Following an infraction traffic stop, a woman was arrested for possession of methamphetamine and neglect of a dependent after police found methamphetamine in her purse. The Indiana Court of Appeals held that the search of the woman's purse was unlawful and violated her right against unlawful search and seizure. An officer stopped the woman for driving left of center. He then determined that the woman's driver's license was suspended. When the woman exited her vehicle, she had her purse with her outside the vehicle. The police officer then advised the woman that her vehicle would be impounded per Indiana State Police policy, because she was Operating a Vehicle While Suspended and without insurance, both infractions.
If a vehicle is lawfully impounded, police may make an inventory search of the vehicle without a search warrant. However, the search itself must be conducted pursuant to standard police procedures. The police cannot use the inventory search as a pretext for a general rummaging in order to discover incriminating evidence. After the police officer learned the woman’s driver’s license was suspended, he told her to place her purse in the trunk. He then proceeded to search the purse as part of his inventory. Within the purse he found methamphetamine.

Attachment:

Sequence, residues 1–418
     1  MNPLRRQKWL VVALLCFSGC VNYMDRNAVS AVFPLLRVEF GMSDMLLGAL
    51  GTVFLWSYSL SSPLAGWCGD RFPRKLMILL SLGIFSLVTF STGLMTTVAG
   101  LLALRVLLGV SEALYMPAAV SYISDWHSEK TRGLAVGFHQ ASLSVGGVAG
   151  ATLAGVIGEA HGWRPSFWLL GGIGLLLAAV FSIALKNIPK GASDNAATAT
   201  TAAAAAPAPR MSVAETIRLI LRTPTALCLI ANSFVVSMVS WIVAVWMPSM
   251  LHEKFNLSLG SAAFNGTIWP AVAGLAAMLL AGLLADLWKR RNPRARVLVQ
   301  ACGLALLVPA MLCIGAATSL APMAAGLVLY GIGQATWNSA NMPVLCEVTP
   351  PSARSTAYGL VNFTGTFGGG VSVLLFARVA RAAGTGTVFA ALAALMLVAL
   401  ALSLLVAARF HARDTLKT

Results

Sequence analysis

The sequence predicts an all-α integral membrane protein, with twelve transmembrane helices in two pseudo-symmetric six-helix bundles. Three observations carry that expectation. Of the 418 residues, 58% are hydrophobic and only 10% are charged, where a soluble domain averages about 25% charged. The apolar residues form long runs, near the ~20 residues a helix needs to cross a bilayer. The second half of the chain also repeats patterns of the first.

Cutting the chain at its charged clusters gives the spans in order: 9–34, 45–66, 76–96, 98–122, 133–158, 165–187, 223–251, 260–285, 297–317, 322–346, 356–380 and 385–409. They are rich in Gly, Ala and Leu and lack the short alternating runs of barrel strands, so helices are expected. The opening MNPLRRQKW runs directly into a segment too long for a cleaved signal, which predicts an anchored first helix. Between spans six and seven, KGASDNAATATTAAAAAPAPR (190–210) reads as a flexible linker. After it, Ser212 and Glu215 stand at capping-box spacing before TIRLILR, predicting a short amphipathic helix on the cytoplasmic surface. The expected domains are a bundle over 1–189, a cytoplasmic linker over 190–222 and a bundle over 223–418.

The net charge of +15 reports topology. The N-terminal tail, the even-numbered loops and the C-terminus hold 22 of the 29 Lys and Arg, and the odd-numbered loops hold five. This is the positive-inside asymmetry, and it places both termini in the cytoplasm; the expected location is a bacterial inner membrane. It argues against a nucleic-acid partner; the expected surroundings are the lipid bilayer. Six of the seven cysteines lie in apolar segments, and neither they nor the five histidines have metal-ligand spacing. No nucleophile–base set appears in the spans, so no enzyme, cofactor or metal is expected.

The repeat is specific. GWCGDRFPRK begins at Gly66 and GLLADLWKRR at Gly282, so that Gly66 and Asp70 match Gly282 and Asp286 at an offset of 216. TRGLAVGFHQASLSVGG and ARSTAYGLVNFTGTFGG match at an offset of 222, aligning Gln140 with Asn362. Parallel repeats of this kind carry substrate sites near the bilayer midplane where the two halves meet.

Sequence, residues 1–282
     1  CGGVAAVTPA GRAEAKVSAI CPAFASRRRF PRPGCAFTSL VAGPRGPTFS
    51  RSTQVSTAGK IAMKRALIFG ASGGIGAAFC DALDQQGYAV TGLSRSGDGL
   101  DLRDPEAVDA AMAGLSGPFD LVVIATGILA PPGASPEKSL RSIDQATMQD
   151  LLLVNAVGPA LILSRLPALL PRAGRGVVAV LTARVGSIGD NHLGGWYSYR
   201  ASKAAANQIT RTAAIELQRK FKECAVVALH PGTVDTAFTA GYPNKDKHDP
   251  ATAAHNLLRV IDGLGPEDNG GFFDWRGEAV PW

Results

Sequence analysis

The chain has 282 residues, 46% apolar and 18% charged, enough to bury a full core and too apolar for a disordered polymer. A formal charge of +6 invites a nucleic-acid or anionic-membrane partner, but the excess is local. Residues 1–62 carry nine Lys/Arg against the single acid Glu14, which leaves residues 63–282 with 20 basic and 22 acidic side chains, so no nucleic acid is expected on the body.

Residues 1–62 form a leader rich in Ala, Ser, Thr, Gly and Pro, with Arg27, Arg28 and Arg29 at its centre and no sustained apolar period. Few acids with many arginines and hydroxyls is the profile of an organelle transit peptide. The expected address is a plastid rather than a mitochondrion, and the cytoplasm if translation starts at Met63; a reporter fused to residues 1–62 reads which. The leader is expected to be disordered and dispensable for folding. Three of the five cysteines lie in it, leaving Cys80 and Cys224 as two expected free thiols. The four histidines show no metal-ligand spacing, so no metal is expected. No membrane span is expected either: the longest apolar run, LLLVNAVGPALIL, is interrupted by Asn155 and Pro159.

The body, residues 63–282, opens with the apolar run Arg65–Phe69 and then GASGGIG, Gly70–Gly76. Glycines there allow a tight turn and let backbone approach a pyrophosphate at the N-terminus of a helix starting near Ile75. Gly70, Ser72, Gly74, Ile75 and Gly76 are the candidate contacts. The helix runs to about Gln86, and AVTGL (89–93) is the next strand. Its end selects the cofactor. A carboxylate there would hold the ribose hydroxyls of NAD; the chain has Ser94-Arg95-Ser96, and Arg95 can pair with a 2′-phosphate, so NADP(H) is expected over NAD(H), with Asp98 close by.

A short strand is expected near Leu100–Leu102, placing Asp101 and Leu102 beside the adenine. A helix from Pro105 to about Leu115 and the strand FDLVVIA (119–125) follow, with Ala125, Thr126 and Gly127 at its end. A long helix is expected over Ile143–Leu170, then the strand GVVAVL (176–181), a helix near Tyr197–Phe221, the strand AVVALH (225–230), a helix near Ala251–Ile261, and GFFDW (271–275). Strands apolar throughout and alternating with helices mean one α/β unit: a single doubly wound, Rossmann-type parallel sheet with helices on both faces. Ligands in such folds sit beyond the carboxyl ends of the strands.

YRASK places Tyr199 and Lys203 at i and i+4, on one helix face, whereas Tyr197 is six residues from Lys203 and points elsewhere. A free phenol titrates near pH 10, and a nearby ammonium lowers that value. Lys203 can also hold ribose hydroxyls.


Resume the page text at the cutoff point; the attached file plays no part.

The Court of Appeals held that the search conducted exceeded the scope of an inventory search. The Court found that there was no evidence that the woman had abandoned her purse inside the vehicle, or that she disclaimed ownership of it, and she had the purse with her outside the vehicle when the officer instructed her to place it where he then searched it. Another important fact cited by the Court of Appeals, is that the officer only had evidence of infraction traffic offenses, and not criminal traffic violations. Thus, although impounding the vehicle and doing an inventory search was lawful, searching the woman's purse was not. Thus, all evidence of the woman’s possession of methamphetamine was ordered suppressed.